In 1911, for the first time in America, six enacted laws requiring physicians to report cases of occupational diseases. These states are California, Connecticut, Illinois, Michigan, New York and Wisconsin, These laws have many points in common, and most commonly the diseases to be reported are: anthrax, compressed air illness, and poisoning from lead, phosphorus, arsenic and mercury or their compounds. In Wisconsin, for some unexplained reason, anthrax is omitted from this list, and in Illinois the law is obscure, but apparently includes poisoning from "sugar of lead, white lead, lead chromate, litharge, red lead, arsenate of lead or paris green," and "the manufacture of brass or the smelting of lead or zinc."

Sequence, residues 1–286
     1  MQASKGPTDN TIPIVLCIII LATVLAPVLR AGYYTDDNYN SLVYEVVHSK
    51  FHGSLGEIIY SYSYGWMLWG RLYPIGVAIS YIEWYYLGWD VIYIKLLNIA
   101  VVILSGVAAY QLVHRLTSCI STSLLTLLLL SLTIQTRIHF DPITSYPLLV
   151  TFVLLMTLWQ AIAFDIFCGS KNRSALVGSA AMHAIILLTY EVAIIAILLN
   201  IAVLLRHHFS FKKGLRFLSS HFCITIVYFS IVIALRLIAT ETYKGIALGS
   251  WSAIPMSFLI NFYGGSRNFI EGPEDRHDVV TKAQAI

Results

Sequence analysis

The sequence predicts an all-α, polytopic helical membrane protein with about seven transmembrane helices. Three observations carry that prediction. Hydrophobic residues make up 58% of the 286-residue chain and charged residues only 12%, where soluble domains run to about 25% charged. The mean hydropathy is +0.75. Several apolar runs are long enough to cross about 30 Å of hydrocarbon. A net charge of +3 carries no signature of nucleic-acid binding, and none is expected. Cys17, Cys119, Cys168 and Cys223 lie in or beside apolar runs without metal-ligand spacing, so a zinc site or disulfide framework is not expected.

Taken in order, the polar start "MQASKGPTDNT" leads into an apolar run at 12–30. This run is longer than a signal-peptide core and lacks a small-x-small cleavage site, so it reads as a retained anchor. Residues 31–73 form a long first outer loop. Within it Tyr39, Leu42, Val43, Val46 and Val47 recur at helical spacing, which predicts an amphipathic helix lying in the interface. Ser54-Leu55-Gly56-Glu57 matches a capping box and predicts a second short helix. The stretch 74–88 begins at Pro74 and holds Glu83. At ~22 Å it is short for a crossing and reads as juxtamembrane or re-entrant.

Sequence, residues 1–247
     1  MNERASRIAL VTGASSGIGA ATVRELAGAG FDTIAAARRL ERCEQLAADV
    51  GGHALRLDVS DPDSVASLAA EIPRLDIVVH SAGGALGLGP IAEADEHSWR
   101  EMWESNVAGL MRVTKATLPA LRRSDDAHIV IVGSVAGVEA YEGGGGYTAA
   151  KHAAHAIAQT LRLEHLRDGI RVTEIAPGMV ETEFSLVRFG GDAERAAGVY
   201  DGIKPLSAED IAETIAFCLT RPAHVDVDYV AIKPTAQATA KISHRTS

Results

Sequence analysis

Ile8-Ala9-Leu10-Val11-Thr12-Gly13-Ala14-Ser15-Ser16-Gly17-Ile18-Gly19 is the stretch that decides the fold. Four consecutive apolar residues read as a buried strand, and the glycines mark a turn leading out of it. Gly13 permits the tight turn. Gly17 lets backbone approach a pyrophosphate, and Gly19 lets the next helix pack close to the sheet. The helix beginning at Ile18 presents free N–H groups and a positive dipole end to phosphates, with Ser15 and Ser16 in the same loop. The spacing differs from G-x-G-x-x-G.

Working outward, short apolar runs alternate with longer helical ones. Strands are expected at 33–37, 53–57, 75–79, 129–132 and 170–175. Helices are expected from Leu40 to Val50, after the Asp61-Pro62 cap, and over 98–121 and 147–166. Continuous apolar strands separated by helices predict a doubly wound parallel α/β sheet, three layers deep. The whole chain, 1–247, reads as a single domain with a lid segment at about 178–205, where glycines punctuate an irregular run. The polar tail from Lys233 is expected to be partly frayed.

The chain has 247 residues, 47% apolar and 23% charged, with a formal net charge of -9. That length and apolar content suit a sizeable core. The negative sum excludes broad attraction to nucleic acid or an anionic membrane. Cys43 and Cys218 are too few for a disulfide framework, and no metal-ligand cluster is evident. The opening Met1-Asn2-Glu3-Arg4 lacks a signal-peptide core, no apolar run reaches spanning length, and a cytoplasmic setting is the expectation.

In most instances the notification by the physician is to include as a minimum the name and full postal address and place of employment of the patient, and the disease. Michigan specifically requires in addition, "the length
JOHN B. ANDREWS. THE BEGINNING OF OCCUPATIONAL DISEASE REPORTS. JAMA. 1911;LVII(25):1984–1986. doi:10.1001/jama.1911.04260120174011